I’ve learned that you can’t refuse to change and stay happily married. But change is much more easily said than done.
“You’re not coming into the bed like that, are you?”, she asked.
Oh boy. This was the start of our new life together. On our honeymoon no less.
“Um, I was planning on it… how come?”. Have I already blown it? What could possibly be wrong… unless… oh no.
“You’re going to bring all that dirt on to the clean sheets. You should have a shower first”.
Oh, not quite what I may have been worried about. But, I was a bit taken back nonetheless.
I had always had a shower in the morning. Like, always. The vast majority of my life up until this point I was having a shower in the morning completely unchallenged. And now that I had entered into marriage with this woman, all of a sudden my decision to shower in the morning was an issue.
And right there and then, I had my most memorable realisation on the reality of longterm relationships – you can’t refuse to change and stay happily married.
To my wife, making sure that you were clean just before you came to bed so you didn’t bring the grime of the day into the place you slept for 8ish hours was a big deal. But it had never been something I had really cared about, or thought about. It wasn’t a dealbreaker, it wasn’t affecting my life I didn’t think, I’ve never gone around with bad odour or anything like that.
But to our new relationship, this was either going to be a thing we were going to fight and disagree about perhaps constantly, or it was going to be a thing that one of us had to change. It wasn’t a big deal to me, but it was a huge deal to her.
We live in a world that believes that you shouldn’t have to change for love. Especially a marriage. After all, you said you loved me and accepted me and chose me for life. Why should I have to change? Don’t you love me as I am?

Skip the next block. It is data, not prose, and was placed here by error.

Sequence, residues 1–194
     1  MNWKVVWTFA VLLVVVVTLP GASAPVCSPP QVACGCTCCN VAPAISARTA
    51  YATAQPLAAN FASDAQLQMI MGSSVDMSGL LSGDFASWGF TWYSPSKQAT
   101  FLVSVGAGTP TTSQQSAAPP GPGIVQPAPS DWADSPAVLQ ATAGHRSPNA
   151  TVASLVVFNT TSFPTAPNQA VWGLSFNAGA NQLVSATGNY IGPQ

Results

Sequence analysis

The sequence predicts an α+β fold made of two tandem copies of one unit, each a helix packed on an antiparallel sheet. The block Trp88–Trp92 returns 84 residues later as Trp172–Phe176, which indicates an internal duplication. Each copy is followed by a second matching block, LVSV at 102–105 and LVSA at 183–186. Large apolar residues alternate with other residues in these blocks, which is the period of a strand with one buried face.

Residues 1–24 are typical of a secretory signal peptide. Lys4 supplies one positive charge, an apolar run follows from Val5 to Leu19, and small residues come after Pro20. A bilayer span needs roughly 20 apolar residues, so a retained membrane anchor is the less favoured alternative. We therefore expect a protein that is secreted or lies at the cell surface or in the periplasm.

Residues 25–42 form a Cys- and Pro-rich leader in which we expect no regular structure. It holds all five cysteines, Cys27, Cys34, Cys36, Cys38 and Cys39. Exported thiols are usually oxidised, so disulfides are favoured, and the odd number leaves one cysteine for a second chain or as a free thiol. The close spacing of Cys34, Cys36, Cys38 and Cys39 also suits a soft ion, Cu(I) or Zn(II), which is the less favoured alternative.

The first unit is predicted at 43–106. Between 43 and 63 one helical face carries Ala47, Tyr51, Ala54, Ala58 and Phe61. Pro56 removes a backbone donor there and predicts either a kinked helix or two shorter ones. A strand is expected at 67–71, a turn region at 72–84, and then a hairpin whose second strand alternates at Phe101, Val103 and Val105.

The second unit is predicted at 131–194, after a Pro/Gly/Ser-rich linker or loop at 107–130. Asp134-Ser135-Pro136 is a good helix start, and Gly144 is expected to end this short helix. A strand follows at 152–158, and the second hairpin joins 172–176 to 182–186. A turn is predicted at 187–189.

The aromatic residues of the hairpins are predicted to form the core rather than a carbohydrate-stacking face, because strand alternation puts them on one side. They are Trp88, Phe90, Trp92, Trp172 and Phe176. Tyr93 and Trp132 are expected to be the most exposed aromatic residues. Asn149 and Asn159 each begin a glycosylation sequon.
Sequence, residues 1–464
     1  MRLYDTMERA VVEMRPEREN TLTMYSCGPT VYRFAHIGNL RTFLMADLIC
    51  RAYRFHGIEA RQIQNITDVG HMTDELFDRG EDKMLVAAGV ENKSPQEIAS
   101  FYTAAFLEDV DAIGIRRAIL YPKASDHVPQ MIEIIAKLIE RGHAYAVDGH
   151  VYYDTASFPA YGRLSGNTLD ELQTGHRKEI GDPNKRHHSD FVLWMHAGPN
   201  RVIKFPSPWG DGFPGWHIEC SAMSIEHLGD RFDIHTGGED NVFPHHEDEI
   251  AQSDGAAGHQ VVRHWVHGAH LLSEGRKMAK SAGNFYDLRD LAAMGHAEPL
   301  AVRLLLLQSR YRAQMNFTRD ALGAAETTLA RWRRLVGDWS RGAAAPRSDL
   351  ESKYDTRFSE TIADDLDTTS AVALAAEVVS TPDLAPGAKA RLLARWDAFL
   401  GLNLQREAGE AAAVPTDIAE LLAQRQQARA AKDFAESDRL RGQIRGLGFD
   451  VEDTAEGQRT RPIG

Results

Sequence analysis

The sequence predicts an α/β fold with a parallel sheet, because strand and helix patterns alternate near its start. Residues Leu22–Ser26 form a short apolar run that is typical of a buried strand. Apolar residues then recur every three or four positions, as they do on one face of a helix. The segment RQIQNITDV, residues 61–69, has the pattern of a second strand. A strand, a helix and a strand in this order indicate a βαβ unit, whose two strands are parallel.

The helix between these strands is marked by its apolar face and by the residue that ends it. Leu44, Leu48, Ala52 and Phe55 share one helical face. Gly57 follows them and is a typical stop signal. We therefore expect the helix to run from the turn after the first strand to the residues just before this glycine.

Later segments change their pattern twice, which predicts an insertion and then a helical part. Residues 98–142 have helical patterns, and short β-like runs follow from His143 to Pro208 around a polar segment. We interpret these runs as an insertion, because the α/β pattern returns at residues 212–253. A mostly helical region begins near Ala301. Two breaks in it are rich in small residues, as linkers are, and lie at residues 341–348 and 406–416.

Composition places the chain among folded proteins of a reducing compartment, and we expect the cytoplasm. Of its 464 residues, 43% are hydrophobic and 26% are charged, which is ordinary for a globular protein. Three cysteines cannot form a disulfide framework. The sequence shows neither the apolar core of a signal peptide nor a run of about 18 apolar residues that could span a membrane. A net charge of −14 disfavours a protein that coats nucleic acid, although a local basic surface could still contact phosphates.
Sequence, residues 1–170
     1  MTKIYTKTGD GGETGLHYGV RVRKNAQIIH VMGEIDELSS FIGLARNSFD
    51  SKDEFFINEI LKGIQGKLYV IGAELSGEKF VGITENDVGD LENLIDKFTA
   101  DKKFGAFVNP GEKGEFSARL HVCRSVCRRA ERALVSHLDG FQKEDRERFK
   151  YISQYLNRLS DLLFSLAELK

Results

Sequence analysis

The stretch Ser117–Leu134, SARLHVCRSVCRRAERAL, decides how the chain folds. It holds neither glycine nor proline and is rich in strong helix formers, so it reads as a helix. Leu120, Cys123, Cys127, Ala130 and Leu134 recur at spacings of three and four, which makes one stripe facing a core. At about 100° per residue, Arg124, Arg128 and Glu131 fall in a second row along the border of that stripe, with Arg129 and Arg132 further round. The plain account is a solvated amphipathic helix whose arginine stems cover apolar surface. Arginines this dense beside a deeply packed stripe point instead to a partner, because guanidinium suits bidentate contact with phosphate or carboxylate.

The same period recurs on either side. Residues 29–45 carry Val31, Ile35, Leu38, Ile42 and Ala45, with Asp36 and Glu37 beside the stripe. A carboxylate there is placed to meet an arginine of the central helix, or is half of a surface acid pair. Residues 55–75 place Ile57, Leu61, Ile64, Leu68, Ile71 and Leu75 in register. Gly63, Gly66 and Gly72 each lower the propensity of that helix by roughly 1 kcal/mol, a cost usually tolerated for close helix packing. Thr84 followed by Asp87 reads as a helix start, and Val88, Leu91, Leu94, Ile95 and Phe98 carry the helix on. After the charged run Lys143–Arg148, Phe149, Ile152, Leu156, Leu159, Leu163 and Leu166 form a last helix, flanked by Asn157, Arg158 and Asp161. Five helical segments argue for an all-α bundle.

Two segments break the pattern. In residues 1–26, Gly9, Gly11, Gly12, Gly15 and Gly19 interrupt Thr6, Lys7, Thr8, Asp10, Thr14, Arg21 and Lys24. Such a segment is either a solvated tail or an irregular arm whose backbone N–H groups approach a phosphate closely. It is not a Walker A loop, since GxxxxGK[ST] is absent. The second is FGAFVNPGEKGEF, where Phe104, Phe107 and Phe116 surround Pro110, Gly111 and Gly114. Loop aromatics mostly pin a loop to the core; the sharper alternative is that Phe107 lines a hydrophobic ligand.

This bed example seems a bit humourous, but in truth it’s one of the many things that I couldn’t keep if I was going to be a married man. Or at least a happily married man.
Marriage is a big commitment. A huge one in fact. I’ve always loved the observation from Bishop TD Jakes in Before You Do – “You say ‘I do’ and it is done, and then spend the next 50 years working out what you did”. It’s one thing for us to say we’re committed for life, in sickness and health, to the exclusion of all others – it’s another to live it.
In fact it’s in the day to day of marriage that we learn exactly what two becoming one really means. Of what it means to walk together, to cherish, to build a life together.
And one of the most upsetting, unfair feelings about building a life together is realising that as much as you would like to, that you cannot continue to fully be who you were before. Not if you want to protect and preserve the relationship.
Author Elizabeth Hawes wrote, “After marriage, all things change. And one of them better be you”. She’s definitely not wrong. It wasn’t just my morning shower preference that needed to change to further our relationship – it was everything. There was so much about my bachelor lifestyle that had to go, then from my dating man lifestyle, and finally even from my engaged man lifestyle.
All marriages are the same in that regard. There are so many things that cannot continue. When I was single I was open to the potential of taking things further with a woman if our relationship was strong. I would spend focused time with people with the intention of seeing if there was anything more. I kept my options open somewhat to who I could pursue romantically. Imagine if I still did that now with my wedding ring on.